UT-Austin President Greg Fenves broke school rules by flying on “premium airfare” tickets, audit finds
A University of Texas System audit has found that UT-Austin President Greg Fenves and his wife, Carmel, flew business class multiple times and should stop purchasing “premium airfare.” Fenves will reimburse the university about $27,000.
University of Texas at Austin President Greg Fenves and his wife violated school policy by flying first or business class “multiple times” without a regularly approved reason, a University of Texas System audit says.
After the audit recommended that the president’s office stop “purchasing premium airfare,” the school promised that Fenves and his wife would comply with the rules going forward. A university spokesman, Gary Susswein, also told The Texas Tribune on Monday that Fenves will reimburse the university about $27,000 for the cost added by the premium airfare.
"The trips identified by the audit were taken for official university business," Susswein said. "They were not paid for with tax or tuition dollars, but with gift funds specifically donated for presidential expenses. We acknowledge the audit results and the need to follow university rules."
The February audit reviewed the travel expenses of Fenves and his spouse between June 2015 and June 2017 – a period in which Fenves also proposed back-to-back tuition increases for UT-Austin’s students. University officials said Fenves flew business class around 50 times during that span. His wife, Carmel, did so about 40 times.
The money to pay for the flights came from a 1984 donor fund set up to cover certain expenses, including travel, by the president. The trips included visits to university donors and "potential university partners," Susswein said.
The school’s travel policy says the president and his spouse should fly coach except under specific conditions, such as a documented health issue, if a first class seat is the only one available or if another entity is reimbursing the cost of the plane ticket.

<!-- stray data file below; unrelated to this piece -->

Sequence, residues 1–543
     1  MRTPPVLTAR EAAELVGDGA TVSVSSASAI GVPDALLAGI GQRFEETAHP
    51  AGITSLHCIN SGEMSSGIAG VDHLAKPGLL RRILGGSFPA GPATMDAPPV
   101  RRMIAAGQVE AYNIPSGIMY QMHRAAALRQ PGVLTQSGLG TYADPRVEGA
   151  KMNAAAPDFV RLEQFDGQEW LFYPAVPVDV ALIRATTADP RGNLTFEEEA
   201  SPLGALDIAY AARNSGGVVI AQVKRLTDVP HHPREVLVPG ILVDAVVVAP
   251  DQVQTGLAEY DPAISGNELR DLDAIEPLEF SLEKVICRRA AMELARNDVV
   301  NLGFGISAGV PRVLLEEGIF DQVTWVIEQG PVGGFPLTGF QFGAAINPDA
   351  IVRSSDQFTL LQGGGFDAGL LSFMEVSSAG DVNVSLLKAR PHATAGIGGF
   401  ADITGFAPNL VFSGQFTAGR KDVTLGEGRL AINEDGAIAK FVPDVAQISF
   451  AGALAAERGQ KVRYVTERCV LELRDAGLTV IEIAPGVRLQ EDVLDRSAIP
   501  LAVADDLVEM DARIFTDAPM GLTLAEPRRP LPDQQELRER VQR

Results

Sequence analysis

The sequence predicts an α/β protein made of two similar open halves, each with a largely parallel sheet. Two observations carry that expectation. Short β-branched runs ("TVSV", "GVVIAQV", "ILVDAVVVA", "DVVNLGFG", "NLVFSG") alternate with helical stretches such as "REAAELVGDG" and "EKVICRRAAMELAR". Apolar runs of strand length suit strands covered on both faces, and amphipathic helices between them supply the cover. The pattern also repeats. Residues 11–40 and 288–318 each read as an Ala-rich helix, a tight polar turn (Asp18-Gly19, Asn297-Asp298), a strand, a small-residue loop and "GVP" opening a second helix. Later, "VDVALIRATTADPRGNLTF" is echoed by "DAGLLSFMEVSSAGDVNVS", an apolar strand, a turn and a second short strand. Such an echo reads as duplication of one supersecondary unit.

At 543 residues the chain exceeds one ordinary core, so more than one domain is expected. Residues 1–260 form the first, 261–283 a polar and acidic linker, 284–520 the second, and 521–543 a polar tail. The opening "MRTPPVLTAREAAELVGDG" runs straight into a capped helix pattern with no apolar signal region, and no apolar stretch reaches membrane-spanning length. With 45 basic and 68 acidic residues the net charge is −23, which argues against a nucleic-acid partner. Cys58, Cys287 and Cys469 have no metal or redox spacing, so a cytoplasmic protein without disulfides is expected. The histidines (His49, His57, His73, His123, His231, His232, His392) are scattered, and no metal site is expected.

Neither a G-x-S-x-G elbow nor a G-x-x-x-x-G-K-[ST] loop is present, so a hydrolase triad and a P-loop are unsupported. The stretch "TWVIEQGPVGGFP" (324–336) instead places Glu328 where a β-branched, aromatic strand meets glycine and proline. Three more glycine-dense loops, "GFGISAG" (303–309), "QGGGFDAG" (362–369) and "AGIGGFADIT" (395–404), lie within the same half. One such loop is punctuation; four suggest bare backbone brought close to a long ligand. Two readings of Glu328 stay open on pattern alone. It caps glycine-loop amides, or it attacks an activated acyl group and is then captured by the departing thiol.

The explanation for why Fenves and his wife flew premium rather than economy did not fall under any of these approved exceptions, the audit says. The discovery was flagged as a non-priority “medium-level finding” in the report, which concluded that otherwise the president’s expenses seemed appropriate and accurate.
The premium airfare was "generally done because of space and time concerns," Susswein said. "As the audit concludes, that does not fall under allowable exceptions and we accept those findings."
"Moving forward, we will follow internal policies and no one will fly business or first class at university expense, except under the allowable exceptions," he said.
The UT System periodically reviews the travel, entertainment and housing expenses of its institutions’ leaders. Previous audit reports are posted online, but are sparse on details; they rarely contain any dollar amounts or exceed five pages in length.
This is the first time Fenves, who took the helm of UT-Austin in 2015, has had his travel expenditures audited by the System. Audit reports covering September 2012 to June 2015 said the expenses incurred by Fenves’ predecessor, Bill Powers, and Powers’ spouse “appeared appropriate and accurate,” but also included recommendations about how to improve the school’s processes.
The UT System auditor, J. Michael Peppers, made a separate recommendation about deans' and vice-presidents' entertainment expenditures. In a memo sent to UT-Austin’s chief financial officer the day the audit was issued, Peppers said a review found the school's high-level administrators are able to sign off on their own entertainment expenses. Though the expenses are subject to review by UT-Austin’s Payment Services department, the memo says “this does not provide effective oversight of expenditures because any expenses/exceptions for senior management may be self-approved.”
UT-Austin officials agreed in the memo to amend the policy.
“Internal controls need to be tightened, so that no employee may approve their own expenditures, providing for appropriate segregation of duties,” the memo says.
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